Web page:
This paper describes a validated and robust real-time PCR assay with high sensitivity, 100% specificity, and reproducibility for the detection and differentiation of ten important Candida spp. This assay can be used as a single or multiplex assay without loss of sensitivity and can be adopted to medically required preferences.

Evaluation of UMIC microdilution strip for colistin and piperacillin-tazobactam in non-cystic and cystic fibrosis patients
A. Muyldermans, S. Paternoster, M. Tajdar, E. Nulens
Laboratory Medicine, Medical Microbiology, Algemeen Ziekenhuis Sint-Jan Brugge-Oostende AV, Bruges, Belgium

Antimicrobial susceptibility testing (AST) for colistin (COL) and piperacillin-tazobactam (PTZ) is challenging. Disk and agar gradient diffusion methods are not accepted by EUCAST, broth microdilution (BMD) is the method of choice. In cystic fibrosis (CF) patients AST is further complicated by the fastidious growth of mucous bacteria. We evaluated the BMD method UMIC (Biocentric) on isolates of non-CF and CF patients.
22 isolates from non-CF patients [P. aeruginosa (n = 7), B. cepacia (n = 1), Enterobacteriaceae (n = 14)], 17 isolates from CF patients [P. aeruginosa (n = 10), A. xyloxidans (n = 7)] and 9 QC strains from UK Neqas [P. aeruginosa (n = 7), Enterobacteriaceae (n = 2)] were included. AST of COL and PTZ with UMIC was compared with our routine method: semi-automated testing by Phoenix in non-CF, disk diffusion in CF and reference laboratory for QC strains.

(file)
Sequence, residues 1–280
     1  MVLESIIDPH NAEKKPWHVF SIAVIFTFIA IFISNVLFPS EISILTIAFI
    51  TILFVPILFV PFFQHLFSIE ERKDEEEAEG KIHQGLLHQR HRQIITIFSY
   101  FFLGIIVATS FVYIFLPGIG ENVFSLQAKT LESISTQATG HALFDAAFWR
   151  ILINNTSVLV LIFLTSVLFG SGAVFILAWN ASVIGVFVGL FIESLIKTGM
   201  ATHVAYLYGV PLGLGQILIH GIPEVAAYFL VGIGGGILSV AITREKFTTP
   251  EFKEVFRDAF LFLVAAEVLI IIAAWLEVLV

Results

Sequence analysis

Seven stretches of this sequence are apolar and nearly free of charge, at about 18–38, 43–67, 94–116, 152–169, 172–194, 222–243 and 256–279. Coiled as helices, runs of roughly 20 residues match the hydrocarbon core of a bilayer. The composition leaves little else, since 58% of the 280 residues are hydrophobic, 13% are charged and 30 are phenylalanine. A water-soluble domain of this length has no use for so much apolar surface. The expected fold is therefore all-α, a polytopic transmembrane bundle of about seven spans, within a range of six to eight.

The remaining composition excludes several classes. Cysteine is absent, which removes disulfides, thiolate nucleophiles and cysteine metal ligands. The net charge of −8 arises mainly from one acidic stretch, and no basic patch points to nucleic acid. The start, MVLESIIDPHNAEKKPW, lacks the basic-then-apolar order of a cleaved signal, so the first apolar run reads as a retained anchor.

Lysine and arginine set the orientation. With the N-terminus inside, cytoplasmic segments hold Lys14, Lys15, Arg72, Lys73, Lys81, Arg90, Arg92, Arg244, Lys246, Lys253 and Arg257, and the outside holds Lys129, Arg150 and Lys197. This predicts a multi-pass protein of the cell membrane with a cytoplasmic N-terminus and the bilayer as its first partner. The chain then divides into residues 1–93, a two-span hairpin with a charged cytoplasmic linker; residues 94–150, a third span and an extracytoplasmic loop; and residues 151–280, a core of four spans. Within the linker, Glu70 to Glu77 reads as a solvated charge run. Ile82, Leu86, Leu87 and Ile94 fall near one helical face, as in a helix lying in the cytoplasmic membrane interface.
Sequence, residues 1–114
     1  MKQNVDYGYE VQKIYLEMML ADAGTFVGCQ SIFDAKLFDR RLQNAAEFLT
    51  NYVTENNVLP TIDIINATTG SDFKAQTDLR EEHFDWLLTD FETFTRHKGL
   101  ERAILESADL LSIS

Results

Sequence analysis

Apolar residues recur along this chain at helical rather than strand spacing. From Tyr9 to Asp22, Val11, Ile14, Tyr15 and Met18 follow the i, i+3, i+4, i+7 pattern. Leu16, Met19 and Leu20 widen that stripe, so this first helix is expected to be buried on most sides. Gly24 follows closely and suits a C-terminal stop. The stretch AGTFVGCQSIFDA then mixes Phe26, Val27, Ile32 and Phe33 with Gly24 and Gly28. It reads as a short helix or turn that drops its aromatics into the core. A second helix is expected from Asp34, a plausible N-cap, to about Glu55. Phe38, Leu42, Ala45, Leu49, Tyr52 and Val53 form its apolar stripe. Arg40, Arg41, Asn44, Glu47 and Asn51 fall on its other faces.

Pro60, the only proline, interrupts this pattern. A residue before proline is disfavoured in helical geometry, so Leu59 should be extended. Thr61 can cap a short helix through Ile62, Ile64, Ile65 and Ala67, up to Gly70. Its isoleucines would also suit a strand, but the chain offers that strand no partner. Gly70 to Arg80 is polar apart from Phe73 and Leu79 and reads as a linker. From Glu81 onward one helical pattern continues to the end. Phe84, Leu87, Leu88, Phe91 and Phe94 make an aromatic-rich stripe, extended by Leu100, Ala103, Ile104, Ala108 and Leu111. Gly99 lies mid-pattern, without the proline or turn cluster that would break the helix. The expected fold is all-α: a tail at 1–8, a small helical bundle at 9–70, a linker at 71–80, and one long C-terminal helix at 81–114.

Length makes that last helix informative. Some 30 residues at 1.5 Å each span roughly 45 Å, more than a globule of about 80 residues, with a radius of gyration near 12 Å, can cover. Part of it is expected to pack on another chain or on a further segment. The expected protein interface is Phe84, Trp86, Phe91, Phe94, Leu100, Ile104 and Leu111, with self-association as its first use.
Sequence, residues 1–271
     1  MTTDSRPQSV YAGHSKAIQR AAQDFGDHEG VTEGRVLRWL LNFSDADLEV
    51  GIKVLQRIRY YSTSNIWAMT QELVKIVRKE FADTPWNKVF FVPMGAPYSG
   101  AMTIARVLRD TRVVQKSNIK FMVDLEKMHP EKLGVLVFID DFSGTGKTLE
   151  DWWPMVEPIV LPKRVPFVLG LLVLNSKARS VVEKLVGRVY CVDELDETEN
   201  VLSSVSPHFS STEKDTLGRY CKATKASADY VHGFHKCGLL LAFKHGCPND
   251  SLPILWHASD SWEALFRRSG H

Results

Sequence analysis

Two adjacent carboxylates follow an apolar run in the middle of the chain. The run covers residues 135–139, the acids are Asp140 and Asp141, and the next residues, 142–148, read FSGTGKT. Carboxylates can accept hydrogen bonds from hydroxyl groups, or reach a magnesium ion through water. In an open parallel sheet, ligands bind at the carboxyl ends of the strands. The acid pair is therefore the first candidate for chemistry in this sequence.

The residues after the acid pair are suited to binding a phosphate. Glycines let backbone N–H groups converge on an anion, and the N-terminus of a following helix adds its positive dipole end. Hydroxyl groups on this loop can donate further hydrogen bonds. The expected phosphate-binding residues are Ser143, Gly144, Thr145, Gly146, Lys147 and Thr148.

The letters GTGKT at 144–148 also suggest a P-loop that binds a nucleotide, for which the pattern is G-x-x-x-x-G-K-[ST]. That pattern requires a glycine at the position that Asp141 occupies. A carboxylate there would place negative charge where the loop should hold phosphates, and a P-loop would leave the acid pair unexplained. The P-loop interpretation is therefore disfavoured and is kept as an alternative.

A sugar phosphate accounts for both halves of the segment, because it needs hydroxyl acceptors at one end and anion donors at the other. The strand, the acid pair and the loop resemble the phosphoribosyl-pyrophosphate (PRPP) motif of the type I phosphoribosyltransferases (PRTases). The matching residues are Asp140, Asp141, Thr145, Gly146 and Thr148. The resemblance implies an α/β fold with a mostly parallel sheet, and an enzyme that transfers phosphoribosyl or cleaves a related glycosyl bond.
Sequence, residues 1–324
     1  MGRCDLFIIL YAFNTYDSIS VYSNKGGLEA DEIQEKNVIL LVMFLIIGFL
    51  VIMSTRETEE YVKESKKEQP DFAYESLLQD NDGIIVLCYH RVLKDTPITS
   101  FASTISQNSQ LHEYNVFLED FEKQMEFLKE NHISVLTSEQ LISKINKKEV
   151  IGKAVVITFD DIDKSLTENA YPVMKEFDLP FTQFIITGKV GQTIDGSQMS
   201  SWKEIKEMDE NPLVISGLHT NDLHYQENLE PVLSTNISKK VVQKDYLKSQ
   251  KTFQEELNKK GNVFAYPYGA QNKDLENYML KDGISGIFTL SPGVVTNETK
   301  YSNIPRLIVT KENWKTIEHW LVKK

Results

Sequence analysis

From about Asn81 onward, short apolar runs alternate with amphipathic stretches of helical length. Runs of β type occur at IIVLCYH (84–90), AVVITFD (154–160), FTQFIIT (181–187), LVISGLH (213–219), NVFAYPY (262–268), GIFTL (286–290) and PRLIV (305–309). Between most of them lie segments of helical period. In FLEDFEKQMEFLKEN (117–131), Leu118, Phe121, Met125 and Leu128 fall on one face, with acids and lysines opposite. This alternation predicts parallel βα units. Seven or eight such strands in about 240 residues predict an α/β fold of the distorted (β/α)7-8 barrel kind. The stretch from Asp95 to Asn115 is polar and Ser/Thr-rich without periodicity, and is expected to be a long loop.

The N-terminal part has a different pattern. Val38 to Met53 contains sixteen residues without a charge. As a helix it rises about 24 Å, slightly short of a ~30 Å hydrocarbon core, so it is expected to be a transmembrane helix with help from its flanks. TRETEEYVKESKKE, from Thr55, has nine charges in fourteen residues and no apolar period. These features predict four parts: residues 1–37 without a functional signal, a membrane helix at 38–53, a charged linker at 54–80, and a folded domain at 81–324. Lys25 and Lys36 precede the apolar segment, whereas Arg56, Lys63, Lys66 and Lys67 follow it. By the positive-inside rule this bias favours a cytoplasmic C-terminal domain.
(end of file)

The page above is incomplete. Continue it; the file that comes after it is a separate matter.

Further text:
In non-CF patients a categorical agreement (CA) of 100% for COL and 86% for PTZ (2 minor errors, 1 very major error) was found. In CF patients a CA of 88% for COL (2 minor errors) and 100% for PTZ was found, if UMIC was incubated in CO2 for 48h. In QC strains a CA of 78% for COL (2 very major errors) and 86% for PTZ (1 very major error) was found (P. aeruginosa isolates with low-level resistance).
A good categorical agreement for COL and PTZ was found in non-CF and CF patients. In CF patients prolonged incubation in CO2 is necessary. Further evaluation is needed to determine essential agreement (no reliable MIC was given with the routine semi-automated AST).

Evaluation of the Accelerate Pheno System for rapid antimicrobial susceptibility testing in extended-spectrum β-lactamase producing Enterobacteriaceae
G.L. Vlaspolder1, B. Sanhaoui1, L.N. van Belzen1, P. Meijer2, A.N. Spaan1, C.H.E. Boel1
1Department of Medical Microbiology, University Medical Center Utrecht, Utrecht, 2Benelux department of Accelerate Diagnostics B.V., Leiden